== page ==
Neptune Strike 22 exercises, which are set to begin Monday and run through Feb. 4, will "demonstrate NATO's ability to integrate the high-end maritime strike capabilities of an aircraft carrier strike group to support the deterrence and defense of the alliance," press secretary John Kirby told reporters.

He added that the strike group, along with several other NATO allies he did not name, "will participate in coordinated maritime maneuvers, anti-submarine warfare training, and long-range strike training."

Pay no attention to the timing: Kirby insisted the war games had been "long-planned," since 2020, and were not in response to the recent Russian military buildup near the Ukrainian border, though the drills are not listed on NATO's website among exercises slated for this year.

Shortly after the DOD announcement, NATO Secretary General Jens Stoltenberg added to speculation as to the timing of the maneuver when he tweeted that "NATO will always do what is necessary to protect and defend all Allies."

He added that the participation of the U.S. vessel in Neptune Strike 22 displays "a strong sign of transatlantic unity."

Other military moves: Spain has sent warships to the Mediterranean and the Black Sea and is mulling sending fighter jets to Bulgaria, while Denmark is sending a frigate to the Baltic Sea and France has offered to send troops to Romania.

The U.S. is also allowing three NATO allies - Estonia, Latvia and Lithuania - to send American-made weapons "from their inventories for use by Ukraine."

Read the full story here.


The Biden administration on Friday issued sanctions targeting an international financial network benefiting Hezbollah, the Lebanese-based political and military group designated as a terrorist organization by the U.S.

What they'll do: The sanctions target three individuals and 10 companies that the administration says took part in actions to evade primary sanctions on Hezbollah to raise funds for the terrorist group through the international financial system.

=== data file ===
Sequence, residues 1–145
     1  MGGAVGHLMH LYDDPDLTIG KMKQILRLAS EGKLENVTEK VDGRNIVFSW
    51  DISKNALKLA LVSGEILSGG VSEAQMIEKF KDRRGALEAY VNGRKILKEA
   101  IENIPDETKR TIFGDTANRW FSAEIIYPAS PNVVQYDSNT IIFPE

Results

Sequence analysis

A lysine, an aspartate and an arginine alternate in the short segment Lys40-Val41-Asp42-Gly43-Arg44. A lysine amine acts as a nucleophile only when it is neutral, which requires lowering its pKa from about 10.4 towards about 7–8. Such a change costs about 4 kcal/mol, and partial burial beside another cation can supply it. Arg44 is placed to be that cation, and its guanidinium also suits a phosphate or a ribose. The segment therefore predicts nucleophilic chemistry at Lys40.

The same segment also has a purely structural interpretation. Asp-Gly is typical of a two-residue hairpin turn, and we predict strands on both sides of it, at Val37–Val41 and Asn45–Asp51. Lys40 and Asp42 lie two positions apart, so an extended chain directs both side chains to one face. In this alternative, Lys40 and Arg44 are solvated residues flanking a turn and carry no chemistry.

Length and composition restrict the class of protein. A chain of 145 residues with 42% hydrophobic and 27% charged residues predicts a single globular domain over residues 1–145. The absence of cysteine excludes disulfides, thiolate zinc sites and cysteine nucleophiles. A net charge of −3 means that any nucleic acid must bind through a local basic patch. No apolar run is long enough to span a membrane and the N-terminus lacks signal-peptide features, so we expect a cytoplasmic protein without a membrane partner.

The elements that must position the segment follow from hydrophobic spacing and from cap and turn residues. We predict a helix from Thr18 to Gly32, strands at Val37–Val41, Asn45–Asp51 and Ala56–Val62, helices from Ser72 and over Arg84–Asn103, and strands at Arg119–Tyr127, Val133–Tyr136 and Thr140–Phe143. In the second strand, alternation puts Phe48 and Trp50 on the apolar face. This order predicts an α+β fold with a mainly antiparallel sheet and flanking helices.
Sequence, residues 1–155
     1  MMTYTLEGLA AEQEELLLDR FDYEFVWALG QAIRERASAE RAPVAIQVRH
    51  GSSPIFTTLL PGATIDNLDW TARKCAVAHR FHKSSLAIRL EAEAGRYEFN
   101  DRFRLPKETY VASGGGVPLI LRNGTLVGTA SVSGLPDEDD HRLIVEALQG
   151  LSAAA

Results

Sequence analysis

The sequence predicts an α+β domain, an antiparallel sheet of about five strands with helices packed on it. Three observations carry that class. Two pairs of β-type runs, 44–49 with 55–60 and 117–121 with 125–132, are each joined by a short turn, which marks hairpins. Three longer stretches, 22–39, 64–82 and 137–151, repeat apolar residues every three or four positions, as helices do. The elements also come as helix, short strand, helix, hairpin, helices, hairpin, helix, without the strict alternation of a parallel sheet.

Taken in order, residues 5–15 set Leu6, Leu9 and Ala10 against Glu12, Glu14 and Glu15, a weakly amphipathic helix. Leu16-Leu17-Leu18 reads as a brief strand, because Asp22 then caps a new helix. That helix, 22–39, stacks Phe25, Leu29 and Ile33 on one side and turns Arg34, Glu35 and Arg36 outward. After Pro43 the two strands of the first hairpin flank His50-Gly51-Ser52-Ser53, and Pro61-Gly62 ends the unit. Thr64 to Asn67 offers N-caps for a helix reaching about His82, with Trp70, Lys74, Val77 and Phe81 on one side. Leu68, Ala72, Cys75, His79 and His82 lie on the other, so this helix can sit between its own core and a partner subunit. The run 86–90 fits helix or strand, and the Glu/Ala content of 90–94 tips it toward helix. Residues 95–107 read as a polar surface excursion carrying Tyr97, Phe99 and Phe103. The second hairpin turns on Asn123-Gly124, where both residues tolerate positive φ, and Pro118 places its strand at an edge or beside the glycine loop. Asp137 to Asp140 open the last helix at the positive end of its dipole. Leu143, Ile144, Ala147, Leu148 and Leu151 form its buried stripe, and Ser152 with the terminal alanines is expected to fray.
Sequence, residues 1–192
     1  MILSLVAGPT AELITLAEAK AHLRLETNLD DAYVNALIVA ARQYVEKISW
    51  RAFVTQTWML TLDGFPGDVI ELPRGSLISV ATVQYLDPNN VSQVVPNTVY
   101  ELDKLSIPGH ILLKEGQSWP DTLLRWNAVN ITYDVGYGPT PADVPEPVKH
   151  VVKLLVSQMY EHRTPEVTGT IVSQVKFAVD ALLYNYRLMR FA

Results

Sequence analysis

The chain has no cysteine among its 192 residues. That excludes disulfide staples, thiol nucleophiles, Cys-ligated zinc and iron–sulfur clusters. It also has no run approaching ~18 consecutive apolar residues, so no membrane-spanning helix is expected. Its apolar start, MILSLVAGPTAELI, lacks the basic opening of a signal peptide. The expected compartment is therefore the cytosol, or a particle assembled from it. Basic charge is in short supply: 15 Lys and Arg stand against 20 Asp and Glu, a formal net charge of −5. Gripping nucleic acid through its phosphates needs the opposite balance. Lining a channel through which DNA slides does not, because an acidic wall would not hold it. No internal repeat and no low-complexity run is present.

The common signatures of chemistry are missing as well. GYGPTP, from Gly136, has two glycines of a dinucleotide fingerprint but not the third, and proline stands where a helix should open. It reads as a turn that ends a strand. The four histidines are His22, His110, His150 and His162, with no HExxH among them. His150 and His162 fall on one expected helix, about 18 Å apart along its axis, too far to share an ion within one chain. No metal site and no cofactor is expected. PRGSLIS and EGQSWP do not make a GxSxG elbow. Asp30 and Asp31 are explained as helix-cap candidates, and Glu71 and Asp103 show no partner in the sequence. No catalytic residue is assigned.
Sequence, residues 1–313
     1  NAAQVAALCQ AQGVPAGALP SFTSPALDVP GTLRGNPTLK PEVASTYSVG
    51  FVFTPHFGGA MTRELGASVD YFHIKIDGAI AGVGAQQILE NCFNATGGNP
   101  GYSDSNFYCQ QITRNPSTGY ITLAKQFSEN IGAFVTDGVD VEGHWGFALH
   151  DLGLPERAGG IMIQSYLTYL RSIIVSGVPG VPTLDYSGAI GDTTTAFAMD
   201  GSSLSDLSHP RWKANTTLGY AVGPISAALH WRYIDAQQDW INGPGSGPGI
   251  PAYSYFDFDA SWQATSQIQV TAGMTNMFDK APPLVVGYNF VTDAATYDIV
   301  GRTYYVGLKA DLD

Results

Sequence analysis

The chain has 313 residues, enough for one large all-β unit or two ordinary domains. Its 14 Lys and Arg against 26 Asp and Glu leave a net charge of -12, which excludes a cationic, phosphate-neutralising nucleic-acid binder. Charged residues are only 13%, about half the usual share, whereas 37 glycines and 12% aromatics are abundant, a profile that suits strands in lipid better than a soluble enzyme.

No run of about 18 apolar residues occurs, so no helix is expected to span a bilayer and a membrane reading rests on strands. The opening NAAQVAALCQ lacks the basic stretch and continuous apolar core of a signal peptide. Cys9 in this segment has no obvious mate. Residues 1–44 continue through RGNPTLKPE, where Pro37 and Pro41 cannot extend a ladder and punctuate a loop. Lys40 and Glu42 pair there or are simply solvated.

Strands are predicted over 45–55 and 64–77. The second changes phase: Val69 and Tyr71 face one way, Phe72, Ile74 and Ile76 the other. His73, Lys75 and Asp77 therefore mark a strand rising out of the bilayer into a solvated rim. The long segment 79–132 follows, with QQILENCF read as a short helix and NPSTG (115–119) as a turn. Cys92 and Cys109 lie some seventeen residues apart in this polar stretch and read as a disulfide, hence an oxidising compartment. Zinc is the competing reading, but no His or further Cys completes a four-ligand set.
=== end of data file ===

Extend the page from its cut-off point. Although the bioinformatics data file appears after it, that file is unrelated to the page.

"These financial facilitators have helped Hizballah obtain funds through networks of companies that disguise themselves as legitimate businesses," Secretary of State Antony Blinken said in a statement. "The sanctions evasion efforts of those designated today are a stark example of how Hizballah abuses the international financial system to fund its acts of terrorism and illicit activities."

Who and what was targeted: The sanctioned individuals include Lebanon-based members of Hezbollah, including Adnan Ayad, who is said to operate an international network of companies, and his son Jihad Adnan Ayad, a Hezbollah member who is also associated with his father's businesses.

Treasury also sanctioned Ali Adel Diab, the son of sanctioned Hezbollah member Adel Diab and director and partner of the Zambia-based company Hamer and Nail Construction, which the U.S. also sanctioned as having provided material or financial support for sanctioned individuals.

The other companies sanctioned include eight that are based in Lebanon, one in Germany, and an additional company in Zambia.

Earlier: The sanctions issued on Friday build on similar measures announced earlier this week, when the Treasury Department announced sanctions against three Lebanese businessman and a Lebanese tourism company for financially supporting Hezbollah.

The U.S. designated Hezbollah a foreign terrorist organization in 1997 and a Specially Designated Global Terrorist Organization in 2001.

Read the full story here.


  • NATO Secretary General Jens Stoltenberg will join a news conference alongside foreign ministers of Finland, Pekka Haavisto, and Sweden, Ann Linde, at NATO headquarters in Brussels at 11:30 a.m.



That's it for today! Check out The Hill's defense and national security pages for latest coverage. See you on Monday!